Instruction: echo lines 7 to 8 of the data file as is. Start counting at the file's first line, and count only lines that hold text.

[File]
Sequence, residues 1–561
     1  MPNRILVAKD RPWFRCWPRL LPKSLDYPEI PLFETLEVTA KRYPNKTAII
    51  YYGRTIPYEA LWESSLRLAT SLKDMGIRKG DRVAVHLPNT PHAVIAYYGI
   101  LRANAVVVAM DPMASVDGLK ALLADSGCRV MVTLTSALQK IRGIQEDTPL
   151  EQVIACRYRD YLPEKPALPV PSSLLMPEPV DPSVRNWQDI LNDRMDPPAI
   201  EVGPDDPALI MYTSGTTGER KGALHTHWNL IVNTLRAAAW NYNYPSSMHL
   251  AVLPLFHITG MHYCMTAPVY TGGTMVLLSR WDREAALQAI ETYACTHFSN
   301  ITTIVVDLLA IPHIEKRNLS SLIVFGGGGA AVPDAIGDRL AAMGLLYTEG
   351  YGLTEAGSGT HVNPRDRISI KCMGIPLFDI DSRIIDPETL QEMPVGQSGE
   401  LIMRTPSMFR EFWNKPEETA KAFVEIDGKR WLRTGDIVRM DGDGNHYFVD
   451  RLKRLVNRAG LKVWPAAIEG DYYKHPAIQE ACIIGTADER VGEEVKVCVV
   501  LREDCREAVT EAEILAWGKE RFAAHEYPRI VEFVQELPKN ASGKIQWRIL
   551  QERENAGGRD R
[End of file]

   251  AVLPLFHITG MHYCMTAPVY TGGTMVLLSR WDREAALQAI ETYACTHFSN
   301  ITTIVVDLLA IPHIEKRNLS SLIVFGGGGA AVPDAIGDRL AAMGLLYTEG